Archive for the ‘Free fiction’ Category

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We shouldn’t have come here. If the journey from Earth hadn’t been so tortuous, if we hadn’t felt so weary, and if our ship hadn’t been on the verge of falling apart, I think we’d have turned around, because this world wasn’t what we envisaged.

It was harsh. Cold. We didn’t understand. We thought it was a world to be tamed, a world we could shape in our own image. The reverse was true.

The days are short, but the years are agonizingly long. This world takes decades to orbit its sun. By the time the climate began to warm we had almost forgotten what heat felt like. We welcomed it. We didn’t understand.

The ice melted.

Then we melted.

We assumed it was a disease, some horrible affliction that turned flesh into water. We threw every meagre resource we had left at it. Perhaps if the scientists hadn’t fallen victim first, or if ship’s computers still functioned, we might have understood, though I doubt we could have stopped it.

Drugs. Quarantine. Prayer. Nothing worked. One by one we succumbed. One by one we died. Or thought we did.

The dream followed. A languid, fluid dream. Our thoughts merged, memories slithered and twisted around one another like a nest of snakes. We were no longer individuals, we were a gestalt. It was beautiful, no secrets, and yet no guilt, because we no longer had any sense of self. We floated in perfect chaos all summer long.

Then winter returned, and the ocean froze. Suddenly we found ourselves corporeal once more, only now it was different. Not only because we’d got used to our disembodied dream state, no, it was different because we didn’t coagulate as the individuals we’d once been. Now we were curious, hybrid entities. Mongrels made of memories. A Frankenstein’s monster of thought stitched together from disparate recollections and desires.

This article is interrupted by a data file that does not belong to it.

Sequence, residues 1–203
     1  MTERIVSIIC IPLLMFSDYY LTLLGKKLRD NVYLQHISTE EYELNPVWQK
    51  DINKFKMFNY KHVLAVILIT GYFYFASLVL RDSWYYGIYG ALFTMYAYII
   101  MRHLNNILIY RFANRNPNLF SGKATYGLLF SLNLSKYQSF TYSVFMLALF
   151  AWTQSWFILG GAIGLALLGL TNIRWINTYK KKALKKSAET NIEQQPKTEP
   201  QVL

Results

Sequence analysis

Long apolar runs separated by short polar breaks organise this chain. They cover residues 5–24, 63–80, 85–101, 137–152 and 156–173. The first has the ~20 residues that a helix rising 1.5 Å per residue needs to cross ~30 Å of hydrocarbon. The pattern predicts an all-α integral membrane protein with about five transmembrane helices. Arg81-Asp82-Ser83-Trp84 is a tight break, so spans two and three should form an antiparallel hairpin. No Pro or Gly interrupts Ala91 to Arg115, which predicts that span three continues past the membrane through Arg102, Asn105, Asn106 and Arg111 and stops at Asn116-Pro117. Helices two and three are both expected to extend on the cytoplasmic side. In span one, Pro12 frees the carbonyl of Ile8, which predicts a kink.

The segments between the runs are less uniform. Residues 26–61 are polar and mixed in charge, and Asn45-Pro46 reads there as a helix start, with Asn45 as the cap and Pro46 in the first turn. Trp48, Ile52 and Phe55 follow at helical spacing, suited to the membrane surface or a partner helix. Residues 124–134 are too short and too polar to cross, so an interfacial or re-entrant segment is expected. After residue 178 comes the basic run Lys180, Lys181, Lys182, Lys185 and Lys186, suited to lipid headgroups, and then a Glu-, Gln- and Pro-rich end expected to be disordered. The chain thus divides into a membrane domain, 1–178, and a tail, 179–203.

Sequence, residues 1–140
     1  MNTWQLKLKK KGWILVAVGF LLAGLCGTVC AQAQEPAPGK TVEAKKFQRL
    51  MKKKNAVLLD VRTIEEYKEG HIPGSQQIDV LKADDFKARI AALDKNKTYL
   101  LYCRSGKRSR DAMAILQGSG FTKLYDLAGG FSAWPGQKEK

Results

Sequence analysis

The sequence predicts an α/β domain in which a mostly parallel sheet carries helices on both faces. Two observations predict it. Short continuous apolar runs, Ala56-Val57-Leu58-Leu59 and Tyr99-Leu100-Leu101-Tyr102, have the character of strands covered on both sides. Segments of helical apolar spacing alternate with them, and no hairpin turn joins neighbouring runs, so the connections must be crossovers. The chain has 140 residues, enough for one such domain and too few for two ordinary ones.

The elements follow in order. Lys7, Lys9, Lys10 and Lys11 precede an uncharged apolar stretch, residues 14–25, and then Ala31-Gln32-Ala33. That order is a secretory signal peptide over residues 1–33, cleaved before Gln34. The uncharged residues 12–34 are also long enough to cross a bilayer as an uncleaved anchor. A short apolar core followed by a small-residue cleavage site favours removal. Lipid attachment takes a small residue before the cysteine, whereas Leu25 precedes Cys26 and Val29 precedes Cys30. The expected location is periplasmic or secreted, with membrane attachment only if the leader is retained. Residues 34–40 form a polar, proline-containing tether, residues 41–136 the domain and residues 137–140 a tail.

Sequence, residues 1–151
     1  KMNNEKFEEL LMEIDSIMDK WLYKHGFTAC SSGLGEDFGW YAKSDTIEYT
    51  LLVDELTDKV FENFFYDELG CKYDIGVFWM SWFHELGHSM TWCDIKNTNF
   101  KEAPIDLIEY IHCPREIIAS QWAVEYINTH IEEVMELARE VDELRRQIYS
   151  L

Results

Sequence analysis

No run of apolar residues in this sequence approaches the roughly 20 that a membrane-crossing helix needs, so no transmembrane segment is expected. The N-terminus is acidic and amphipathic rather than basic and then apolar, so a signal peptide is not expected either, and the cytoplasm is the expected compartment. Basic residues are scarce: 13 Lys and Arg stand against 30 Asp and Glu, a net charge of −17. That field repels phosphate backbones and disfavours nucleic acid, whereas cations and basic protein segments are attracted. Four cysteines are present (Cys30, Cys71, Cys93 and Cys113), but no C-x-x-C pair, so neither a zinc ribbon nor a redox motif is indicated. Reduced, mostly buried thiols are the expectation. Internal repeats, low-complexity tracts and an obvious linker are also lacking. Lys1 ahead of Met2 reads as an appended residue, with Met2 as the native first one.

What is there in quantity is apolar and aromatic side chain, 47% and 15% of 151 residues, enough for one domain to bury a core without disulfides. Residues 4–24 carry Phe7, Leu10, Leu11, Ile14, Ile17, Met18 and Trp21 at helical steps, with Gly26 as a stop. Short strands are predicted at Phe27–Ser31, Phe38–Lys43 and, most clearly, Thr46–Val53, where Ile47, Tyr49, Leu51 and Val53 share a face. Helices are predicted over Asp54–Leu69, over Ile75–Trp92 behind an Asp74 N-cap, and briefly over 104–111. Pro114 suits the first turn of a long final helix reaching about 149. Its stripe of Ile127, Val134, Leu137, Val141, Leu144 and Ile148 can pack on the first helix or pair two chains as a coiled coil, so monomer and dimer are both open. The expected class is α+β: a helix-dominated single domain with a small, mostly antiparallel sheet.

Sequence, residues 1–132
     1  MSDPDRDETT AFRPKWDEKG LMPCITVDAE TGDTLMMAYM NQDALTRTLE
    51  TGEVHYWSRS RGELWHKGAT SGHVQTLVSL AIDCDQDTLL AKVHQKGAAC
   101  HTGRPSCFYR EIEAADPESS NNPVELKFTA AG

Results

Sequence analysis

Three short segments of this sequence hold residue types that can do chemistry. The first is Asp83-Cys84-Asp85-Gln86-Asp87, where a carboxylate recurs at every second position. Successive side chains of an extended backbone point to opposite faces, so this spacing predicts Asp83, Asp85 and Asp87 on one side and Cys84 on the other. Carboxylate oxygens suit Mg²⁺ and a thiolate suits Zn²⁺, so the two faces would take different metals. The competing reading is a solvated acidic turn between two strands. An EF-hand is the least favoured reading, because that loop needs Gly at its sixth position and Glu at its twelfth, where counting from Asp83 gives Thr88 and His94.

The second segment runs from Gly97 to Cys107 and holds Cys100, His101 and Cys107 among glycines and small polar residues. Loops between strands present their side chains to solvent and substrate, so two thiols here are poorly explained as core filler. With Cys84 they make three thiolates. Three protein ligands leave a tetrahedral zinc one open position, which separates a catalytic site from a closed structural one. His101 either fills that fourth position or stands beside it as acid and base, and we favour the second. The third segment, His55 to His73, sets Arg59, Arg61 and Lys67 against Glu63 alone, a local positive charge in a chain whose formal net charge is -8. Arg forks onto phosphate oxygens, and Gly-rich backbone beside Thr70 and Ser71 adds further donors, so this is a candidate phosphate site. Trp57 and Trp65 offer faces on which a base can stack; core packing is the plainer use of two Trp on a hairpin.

We were confused and frightened. We were in pain. Somehow, we evolved the ability to move, becoming stiff, creaking giants of ice. We tried to find harmony, but we didn’t understand ourselves anymore, and we certainly didn’t understand each other. There was fear. Distrust. Liquified togetherness gave way to solidified separation.

We disagreed. We argued. Eventually we fought. Winter was long and violent and terrible. Death was beyond us, but suffering wasn’t.

Summer eventually ended the war. Those rigid creatures of ice collapsed once more into wonderful anarchy. We ebbed and flowed and dreamed, and we were happy. Only now, somewhere in that collective sentience, there was a hint of fear, the knowledge that winter would return.

Which of course it did.

That was so long ago. We cannot comprehend how many winters, how many summers. A thousand? A million? It makes no difference. Time only matters when we’re ice, when we are liquid, we’re beyond such pettiness.

We are solid now. I am solid now.

I am ancient, and yet at the same time brand new, because this particular collection of thoughts and memories has never coalesced before. I am old. I am young. I hurt. I am newly born and already I long for summer, but summer is so very far away.

 

Tempo

Posted: March 21, 2019 in Free fiction, Published fiction
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Just a quick note that my time and space bending sci-fi thriller Tempo is free to download for the next 5 days. Remember you don’t need an expensive Kindle to read it, there’s a free Kindle app you can use on a phone, tablet or computer 🙂

If you do download and read a copy all I ask is that you consider adding a short review, they really do help!

UK link

US link

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The Treat

Posted: October 31, 2018 in Free fiction, horror
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As it’s Halloween, when spooks and ghouls go out to play, I thought it only fair to gift you a tiny tale of terror…enjoy, and when you open the door to Trick or Treaters tonight, well maybe you’ll wonder…

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I like Halloween, it’s the one night of the year I feel safe going out.

If I walk up to someone’s front door on Halloween night they don’t cringe or scream when they open the door, don’t shut it in my face and turn out all the lights. No, on Halloween they smile at me, they talk to me, complimenting me on my costume, asking how I create such a vivid effect. I talk about using my mum’s makeup, and charcoal, lots of charcoal. Does this convince them? I don’t know, there’s a flicker in their eyes sometimes, as if they understand but can’t consciously bring themselves to accept that understanding, so they joke and give me candy.